Upper Arlington was founded by the real estate developers Ben and King Thompson, who purchased most of the farmland that was to become Upper Arlington in 1913. This land was directly adjacent to the Marble Cliff Quarry Co. They originally wanted to call it the "Country Club District" after the Country Club development in Kansas City, but by 1917, the community became known as "Upper Arlington", in reference to its southern neighbor of Arlington (now known as Marble Cliff). The Upper Arlington Company was incorporated that year and operated out of a field office built on the former Miller farm; that building is presently the Miller Park branch of the Upper Arlington Library (see no. 4 on the map).
The development proceeded according to the Garden City–inspired plan by landscape architect William Pitkin, Jr., which called for following the contours of the land to form curving streets, copiously lined with trees, rather than a gridded street layout. This development style gave the oldest district in Upper Arlington (at its southernmost end) its distinctively pleasant, park-like feel, though the lack of roadway predictability can lead to some frustrating driving experiences even for those familiar with the neighborhood. The area features numerous small green spaces.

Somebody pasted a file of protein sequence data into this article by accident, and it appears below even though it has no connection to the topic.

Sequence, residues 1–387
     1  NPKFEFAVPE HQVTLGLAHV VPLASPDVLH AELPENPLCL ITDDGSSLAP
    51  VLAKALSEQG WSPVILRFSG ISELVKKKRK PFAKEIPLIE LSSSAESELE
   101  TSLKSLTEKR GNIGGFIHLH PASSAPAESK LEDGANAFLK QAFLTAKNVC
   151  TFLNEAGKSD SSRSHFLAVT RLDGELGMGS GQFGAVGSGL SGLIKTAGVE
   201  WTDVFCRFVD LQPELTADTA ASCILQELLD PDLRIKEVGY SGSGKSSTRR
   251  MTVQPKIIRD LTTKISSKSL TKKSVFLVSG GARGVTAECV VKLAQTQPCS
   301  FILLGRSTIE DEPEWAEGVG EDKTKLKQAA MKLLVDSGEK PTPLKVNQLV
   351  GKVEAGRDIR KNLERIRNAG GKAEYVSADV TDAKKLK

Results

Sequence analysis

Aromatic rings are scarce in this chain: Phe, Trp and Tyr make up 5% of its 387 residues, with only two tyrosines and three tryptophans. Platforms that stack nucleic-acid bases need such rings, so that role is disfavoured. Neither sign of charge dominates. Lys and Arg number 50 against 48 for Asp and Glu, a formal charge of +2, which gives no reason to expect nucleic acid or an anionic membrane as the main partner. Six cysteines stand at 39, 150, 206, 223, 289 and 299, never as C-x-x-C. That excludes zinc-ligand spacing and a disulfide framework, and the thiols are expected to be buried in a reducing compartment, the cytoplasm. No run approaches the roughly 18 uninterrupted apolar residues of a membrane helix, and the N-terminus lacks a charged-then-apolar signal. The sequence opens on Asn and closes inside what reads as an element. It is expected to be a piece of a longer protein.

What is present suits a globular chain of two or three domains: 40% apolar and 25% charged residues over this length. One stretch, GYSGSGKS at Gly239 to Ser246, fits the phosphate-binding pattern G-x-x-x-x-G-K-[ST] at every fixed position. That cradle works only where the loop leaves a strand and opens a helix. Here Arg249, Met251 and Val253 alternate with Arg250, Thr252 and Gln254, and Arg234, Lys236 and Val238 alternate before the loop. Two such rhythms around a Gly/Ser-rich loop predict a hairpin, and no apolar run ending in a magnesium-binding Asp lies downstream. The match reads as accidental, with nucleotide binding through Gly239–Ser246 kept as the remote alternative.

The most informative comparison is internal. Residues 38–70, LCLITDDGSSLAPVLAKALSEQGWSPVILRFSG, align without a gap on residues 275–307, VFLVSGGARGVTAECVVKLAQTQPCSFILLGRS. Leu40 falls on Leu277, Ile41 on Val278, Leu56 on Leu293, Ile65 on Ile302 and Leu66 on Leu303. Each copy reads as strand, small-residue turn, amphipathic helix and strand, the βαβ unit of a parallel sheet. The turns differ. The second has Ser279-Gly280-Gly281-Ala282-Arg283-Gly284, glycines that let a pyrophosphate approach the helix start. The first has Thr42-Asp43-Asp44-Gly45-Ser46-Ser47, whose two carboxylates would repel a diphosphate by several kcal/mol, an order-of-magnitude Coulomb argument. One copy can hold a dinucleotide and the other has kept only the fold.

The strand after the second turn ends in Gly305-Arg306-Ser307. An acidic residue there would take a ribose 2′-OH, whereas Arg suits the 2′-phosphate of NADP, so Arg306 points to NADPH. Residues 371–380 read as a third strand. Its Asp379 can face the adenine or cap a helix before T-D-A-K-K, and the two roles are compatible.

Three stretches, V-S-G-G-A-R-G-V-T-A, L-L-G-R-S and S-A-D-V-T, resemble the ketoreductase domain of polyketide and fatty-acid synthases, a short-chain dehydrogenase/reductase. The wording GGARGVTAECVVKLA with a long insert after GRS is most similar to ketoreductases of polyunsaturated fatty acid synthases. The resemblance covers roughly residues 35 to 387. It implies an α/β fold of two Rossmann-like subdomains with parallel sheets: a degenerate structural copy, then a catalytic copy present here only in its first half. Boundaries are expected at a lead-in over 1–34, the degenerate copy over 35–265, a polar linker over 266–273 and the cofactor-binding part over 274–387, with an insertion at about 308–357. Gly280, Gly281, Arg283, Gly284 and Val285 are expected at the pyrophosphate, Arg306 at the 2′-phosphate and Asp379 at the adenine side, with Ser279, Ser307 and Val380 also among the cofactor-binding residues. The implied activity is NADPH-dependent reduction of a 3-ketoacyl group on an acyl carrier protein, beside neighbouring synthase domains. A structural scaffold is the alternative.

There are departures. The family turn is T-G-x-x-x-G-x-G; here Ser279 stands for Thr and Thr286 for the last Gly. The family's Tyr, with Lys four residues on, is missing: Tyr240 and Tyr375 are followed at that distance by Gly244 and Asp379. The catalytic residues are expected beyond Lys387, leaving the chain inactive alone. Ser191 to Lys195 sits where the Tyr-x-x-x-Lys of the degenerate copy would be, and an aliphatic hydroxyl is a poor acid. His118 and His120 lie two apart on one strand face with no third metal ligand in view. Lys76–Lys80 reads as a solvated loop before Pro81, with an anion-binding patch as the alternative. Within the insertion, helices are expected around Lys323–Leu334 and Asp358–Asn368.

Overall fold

In 1916, the development was interrupted (and largely unfinished) when the National Guard used the area as a temporary training camp called Camp Willis, after Ohio's governor at the time, Frank B. Willis. Eight thousand servicemen were trained at Camp Willis and then dispatched against Pancho Villa on the Mexican border. The camp was dismantled by September 1916. Development resumed shortly afterwards, and on March 20, 1918, Upper Arlington incorporated as a village, with a population of 200 and James Miller, the original landowner, serving as the first mayor. The Mallway business district, which was constructed in the 1920s, was the first commercial district in Upper Arlington. Upper Arlington became a city on February 8, 1941, and annexed surrounding land as its population grew. Most annexation occurred in the late 1940s through 1960. The two largest annexations occurred in 1954 and 1955, by which the city more than doubled its surface area.